It’s recommended for you to be present through the inspection – whether you’re a homebuyer, seller, or homeowner. With you there, the inspector can explain to you any defects and explain their importance as well as point out maintenance features that will be helpful in the future. In the event that you can’t be there, it is not a problem since the report you obtain is going to be very detailed. If you’re not present, then you should be sure to ask your inspector to describe anything that’s not clear in the report. Also browse the inspection agreement carefully so you understand what is covered and what is not covered in the inspection. If you have a problem with the inspection or the report, you must raise the difficulties quickly by calling the inspector, usually within 24 hours. If you’d like the inspector to come back following the inspection to show you things, this can be arranged and is a good idea, however, you could be charged extra since a second walkthrough not part of the inspection, unless, of course, you make that a part of your contract

However, it’s important to let the inspector do the job you’re paying for. We love our clients, but we also know that constant interference and interruptions make the inspection painfully slow. Write down your questions and ask them after the inspector has presented you with a detailed report.

What About Condo or Townhome Inspections?

Since condos are individual units within a single building, homeowners pay assessments to a Home Owners Association (HOA) or condo association, which pays for the upkeep and maintenance of all exteriors including the building Home Owners Association is also on the hook for maintaining the community boiler system or HVAC. In smaller condo buildings, many home owners have their own boiler that acts as the HVAC that a building would normally provide. Owners are responsible for everything inside the condominium including electrical, plumbing, porches, balconies, appliances, and walls. There are fewer items to inspect, but getting an inspection from someone who knows what they’re doing is still critical. As you know well, Home Owners Associations are a fickle group to be brutally honest. And they’re all so very different, even within a neighborhood. Ask us about our policy and we’ll be honest with you. If we can inspect your unit, we’ll do it; if we can’t, we’ll also let you know. We believe honesty is always the best policy and we live by it.

Bellerose Home Inspections Include

The following list (of systems and inspection items) is not exhaustive. Not all of these items may be in the inspection you receive, but the inspector will be following a standardized checklist for the property:

· Heating and air conditioning
· Heat pumps and controls
· Laundry appliances (dryer and washer) if being sold with the house
· Doors, walls, patios, walkways, windows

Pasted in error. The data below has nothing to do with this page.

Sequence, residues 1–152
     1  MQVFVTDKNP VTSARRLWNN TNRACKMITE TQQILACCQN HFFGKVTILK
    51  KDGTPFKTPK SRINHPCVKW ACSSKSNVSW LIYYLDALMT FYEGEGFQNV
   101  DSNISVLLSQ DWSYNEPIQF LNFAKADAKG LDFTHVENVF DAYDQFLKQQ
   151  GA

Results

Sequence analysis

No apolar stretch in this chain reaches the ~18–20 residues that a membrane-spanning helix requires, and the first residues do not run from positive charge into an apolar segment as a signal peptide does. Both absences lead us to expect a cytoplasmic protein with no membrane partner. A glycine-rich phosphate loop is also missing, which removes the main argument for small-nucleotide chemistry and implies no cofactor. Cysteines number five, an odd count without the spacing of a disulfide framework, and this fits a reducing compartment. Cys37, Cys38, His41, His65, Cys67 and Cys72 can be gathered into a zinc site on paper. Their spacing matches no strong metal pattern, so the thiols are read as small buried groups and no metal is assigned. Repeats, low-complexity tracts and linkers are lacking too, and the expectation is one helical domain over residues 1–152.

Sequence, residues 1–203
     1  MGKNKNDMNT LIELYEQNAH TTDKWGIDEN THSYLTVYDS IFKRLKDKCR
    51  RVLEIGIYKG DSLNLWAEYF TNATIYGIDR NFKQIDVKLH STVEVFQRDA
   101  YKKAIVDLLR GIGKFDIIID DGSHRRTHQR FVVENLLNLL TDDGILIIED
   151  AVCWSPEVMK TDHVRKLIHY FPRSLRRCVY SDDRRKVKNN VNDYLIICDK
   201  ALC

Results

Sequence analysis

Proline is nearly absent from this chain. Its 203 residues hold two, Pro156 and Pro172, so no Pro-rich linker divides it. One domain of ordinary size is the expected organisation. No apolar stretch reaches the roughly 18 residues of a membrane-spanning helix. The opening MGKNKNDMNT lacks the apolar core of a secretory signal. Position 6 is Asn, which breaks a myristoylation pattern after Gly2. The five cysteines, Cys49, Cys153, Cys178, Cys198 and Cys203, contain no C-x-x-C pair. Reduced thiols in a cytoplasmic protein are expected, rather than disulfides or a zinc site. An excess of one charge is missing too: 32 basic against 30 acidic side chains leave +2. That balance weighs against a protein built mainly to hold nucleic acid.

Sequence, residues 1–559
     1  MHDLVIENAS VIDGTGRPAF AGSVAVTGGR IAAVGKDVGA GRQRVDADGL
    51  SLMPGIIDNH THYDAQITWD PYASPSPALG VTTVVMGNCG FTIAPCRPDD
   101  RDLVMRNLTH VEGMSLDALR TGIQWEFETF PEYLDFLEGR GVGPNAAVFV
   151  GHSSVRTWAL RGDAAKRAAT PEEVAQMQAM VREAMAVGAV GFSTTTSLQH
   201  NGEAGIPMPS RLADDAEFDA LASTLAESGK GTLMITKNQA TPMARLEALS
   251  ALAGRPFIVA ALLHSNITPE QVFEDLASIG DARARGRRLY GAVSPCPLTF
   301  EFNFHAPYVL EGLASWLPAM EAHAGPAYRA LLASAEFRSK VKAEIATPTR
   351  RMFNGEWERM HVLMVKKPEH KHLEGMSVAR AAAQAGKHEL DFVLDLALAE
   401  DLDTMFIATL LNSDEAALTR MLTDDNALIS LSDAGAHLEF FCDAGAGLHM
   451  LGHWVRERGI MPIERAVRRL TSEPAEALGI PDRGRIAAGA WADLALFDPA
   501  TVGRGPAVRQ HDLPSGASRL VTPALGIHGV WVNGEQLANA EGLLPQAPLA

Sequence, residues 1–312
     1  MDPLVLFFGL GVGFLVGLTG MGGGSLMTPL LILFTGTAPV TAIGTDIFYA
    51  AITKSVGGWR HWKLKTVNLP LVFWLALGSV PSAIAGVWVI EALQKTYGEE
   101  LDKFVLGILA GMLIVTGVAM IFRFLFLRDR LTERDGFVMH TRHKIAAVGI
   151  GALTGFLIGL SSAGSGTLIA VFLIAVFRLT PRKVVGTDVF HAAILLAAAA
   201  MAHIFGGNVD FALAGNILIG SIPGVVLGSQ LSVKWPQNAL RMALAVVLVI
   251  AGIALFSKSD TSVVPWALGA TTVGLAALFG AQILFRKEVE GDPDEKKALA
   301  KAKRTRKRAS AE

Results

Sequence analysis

· Kitchen cabinets, counters, and floors
· Windows
· Soffits, eaves, and fascias
· Site drainage and grading
· Ventilation systems and Insulation
· Grass, bushes, trees, shrubs
· Retaining walls
· Ducts and distribution systems
· Fire places
· Driveway
· Indoor doors and hardware
· Roofing, flashings, chimneys, and attic
· Safety items such as egress, TPRV valves, railings, etc.
· Ceilings, walls, floors
· Entry steps, hand rails

· Bricks, masonry
· Basement, foundation, and crawl spaces
· Garage, garage walls, floor, and door operation
· Plumbing fixtures and systems
· Electrical system and panels
· Electrical outlets, GFCI, and grounding
· Smoke (fire) detectors

Some tests which aren’t a part of the initial inspection sometimes require an additional fee.

· Mold Screening
· Radon gas test
· Swimming Pool and Spa Inspection
· Septic systems
· Gas Line Leak Test
· Water quality test
· Termites
· Sprinkler System Test

Why Should I Purchase a Home Inspection?

Your brand-new home has lots of systems and more than 9800 pieces – from cooling and heating to ventilation systems and to appliances. When these systems and appliances interact with each another seamlessly, all is well with the world. Weak links in the device, however, can produce assorted problems leading to a loss in value and shortened system/component lifecycle. Would you purchase a used car with out a reputable mechanic taking a look under its hood? Your home is far more complex, and to have a thorough inspection that’s documented in a written report arms you with substantial information on which to make informed decisions.

What is NOT Included in a Home Inspection

Many people feel that everything is inspected comprehensive on inspection day. This misunderstanding is responsible for many a homebuyer to get upset because of their inspector. The inspections we do will not be exhaustive and there is a great reason for this.

In case you hired separate licensed experts in heating and cooling, plumbing, electrical, engineering, etc. to examine your house, it’d take about fifteen hours and run you about $2000! It is more practical (and affordable) to employ a reliable inspector who’s got a general familiarity with home systems, knows excellent customer service, and can suggest further inspection by an authority if needed. Your inspector is likewise following very specific guidelines issued by state or national organizations as he/she inspects your home. These guidelines are written to safeguard both your house as well as the inspector.